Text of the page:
Ray's Garden Rows: New Year's resolution to retrace tracks

Wisconsin State Farmer

With the start of a new year, there's a tradition — not always carried out — of making resolutions on what one hopes to do or change in his or her life.

For this year, I'm resolving to spend some time during the summer checking on the fate of wild raspberries at locations where my dad and some of my brothers picked the berries decades ago. I fear that no plants have survived during those many years but at least I'd like to find out.

Along the railroad

The main setting I intend to explore again is along the right of way of the railroad that bisected land on our family's farm. There were black raspberry patches at a couple of spots along the fences of the adjacent fields. A few wild grapes and chokecherries also grew there.

Black raspberries were ripe in late June and July — an ideal time because it was after the planting of crops and the harvesting of the first cutting of hay and before the grain harvest began. The picking trips about twice a week served as a small scale family outing.

At the far end of the railroad right of way along our land were blackberries, which ripened in August. Dad loved to pick them but he was very upset when, by late July or early August, a railroad crew sprayed herbicide to control the growth of thistles, burdock and other weeds. This also killed the blackberries which were due to ripen soon.


Black raspberries rarely are found in the fresh or frozen fruit department of a supermarket. When you plant your own, they begin to produce fresh fruit the second year after planting.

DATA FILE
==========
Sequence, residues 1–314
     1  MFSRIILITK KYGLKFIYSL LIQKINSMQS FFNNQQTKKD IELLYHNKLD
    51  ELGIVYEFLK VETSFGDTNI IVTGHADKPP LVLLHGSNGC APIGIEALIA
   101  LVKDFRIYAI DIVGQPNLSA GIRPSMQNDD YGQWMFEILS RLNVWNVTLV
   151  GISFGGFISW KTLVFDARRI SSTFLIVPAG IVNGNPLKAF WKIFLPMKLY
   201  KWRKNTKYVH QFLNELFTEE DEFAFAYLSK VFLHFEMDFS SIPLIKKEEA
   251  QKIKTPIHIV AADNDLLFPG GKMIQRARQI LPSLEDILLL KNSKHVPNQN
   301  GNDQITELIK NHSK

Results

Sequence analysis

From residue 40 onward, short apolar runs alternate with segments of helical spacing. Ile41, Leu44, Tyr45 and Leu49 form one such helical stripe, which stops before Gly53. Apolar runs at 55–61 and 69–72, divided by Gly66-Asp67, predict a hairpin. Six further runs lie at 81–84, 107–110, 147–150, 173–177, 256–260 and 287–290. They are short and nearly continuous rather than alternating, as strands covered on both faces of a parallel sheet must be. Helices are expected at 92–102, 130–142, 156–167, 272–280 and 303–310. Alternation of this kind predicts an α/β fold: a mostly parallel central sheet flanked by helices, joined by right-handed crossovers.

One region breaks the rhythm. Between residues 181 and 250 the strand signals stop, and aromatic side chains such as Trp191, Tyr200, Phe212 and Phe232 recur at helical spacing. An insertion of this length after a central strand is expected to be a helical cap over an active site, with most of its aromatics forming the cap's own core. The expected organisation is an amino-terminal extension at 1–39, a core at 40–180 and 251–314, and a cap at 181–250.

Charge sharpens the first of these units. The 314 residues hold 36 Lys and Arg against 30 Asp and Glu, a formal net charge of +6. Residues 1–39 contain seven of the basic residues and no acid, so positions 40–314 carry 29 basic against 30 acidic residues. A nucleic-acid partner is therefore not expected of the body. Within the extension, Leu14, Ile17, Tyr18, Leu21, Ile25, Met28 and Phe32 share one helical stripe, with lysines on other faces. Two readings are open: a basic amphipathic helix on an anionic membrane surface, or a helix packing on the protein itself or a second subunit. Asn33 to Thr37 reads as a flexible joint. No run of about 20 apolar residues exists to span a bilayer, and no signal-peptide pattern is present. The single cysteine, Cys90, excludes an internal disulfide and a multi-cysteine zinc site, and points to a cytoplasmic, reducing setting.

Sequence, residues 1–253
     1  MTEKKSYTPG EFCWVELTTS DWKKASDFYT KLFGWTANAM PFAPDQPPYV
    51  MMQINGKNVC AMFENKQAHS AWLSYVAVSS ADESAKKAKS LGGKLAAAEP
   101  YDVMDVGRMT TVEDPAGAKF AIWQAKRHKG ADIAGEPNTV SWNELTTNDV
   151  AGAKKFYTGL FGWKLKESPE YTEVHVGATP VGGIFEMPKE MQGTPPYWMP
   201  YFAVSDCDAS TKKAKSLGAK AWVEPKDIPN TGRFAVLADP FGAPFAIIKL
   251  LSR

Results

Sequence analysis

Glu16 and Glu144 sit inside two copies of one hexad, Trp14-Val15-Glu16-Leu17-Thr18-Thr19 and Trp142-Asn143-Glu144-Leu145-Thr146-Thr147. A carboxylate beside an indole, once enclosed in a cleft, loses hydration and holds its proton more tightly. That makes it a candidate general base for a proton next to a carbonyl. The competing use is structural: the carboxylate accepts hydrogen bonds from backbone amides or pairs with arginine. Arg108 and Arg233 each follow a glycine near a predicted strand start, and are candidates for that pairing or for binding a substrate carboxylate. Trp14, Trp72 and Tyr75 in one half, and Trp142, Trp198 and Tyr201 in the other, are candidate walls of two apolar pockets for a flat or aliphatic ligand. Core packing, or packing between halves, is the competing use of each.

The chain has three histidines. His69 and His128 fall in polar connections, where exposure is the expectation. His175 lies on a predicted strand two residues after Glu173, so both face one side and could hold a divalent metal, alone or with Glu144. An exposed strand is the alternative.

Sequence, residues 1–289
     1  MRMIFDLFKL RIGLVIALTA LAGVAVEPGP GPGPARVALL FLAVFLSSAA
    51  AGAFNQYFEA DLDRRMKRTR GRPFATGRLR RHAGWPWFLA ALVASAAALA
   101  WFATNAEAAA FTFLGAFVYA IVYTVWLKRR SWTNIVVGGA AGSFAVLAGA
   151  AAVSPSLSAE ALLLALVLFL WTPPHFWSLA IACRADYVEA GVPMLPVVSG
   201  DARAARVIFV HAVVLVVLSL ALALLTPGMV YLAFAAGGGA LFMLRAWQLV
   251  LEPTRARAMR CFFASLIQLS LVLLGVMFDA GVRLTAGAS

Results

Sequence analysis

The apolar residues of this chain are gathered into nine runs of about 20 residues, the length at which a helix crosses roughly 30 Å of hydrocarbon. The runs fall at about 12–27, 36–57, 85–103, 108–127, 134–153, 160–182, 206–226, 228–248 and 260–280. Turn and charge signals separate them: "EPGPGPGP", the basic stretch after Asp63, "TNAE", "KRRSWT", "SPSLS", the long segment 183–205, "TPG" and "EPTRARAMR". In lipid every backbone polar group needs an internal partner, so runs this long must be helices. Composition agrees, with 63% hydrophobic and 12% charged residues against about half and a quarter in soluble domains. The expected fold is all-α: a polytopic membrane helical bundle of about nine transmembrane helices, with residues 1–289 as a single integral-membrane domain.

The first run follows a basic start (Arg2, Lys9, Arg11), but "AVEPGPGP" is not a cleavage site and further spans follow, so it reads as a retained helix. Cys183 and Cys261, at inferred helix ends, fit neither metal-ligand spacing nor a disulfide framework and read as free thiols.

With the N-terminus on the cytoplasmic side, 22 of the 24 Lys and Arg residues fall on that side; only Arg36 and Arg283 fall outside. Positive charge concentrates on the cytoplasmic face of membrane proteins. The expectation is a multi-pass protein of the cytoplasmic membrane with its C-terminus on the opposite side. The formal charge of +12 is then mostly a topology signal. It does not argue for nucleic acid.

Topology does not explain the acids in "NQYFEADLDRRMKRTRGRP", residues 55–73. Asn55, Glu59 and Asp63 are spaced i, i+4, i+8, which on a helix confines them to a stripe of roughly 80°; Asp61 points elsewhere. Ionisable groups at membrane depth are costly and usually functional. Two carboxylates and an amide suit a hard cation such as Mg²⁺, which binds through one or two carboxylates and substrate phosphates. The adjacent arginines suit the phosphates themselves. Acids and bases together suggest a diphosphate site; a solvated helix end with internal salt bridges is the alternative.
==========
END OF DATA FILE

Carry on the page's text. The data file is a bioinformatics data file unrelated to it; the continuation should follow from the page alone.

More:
Crossing the river

In addition to the trek along the railroad, another raspberry picking destination required a walk across the Manitowoc River at a spot where, long ago, someone had placed stones that enabled a crossing when the water flow was low, as was typically the case in early summer. Technically, this was trespassing but it was done at time when people tended to be less sensitive about that.

On the opposite side of the river was a woodlot in which a corridor was created a few years earlier for an electric power line — the same one that placed a few poles on our farmland. Removing the large trees from that portion of the woods apparently paved the way for the growth of the raspberries, which included a few yellow and purple berry plants.

Adjacent to the power line corridor was a large meadow which had raspberries along its fences. I know there aren't any raspberries there today because the space has been turned into a residential subdivision.

Black cap berries

It's been only in the past year that I've heard of “black cap” raspberries. This might be only a matter of terminology.

A friend indicates that he has, or at least had, black cap berries in the back woods on his farm. At about the same time, an elderly farm woman told me she was also familiar with the term.

Since I haven't seen the berries they're referring to, I hope to learn more this year by taking a walk with my friend to show me what he's referring to – if there are still any plants.

Braving brambles

The online entries about raspberries acknowledge that there are overlaps in the terminology along with an indication that the black cap canes are “brambles,” which is certainly what the familiar black raspberry canes are. Along with the photos which suggest that the traditional blackberries resemble the shape of a cap, I think I haven't missed anything.

What's still a bit puzzling, however, is that two people I've discussed black caps with describe that berries as being lengthy rather than round.

Maybe that alone will be reason enough for me to resolve to complete a walk down memory lane and search for something new besides.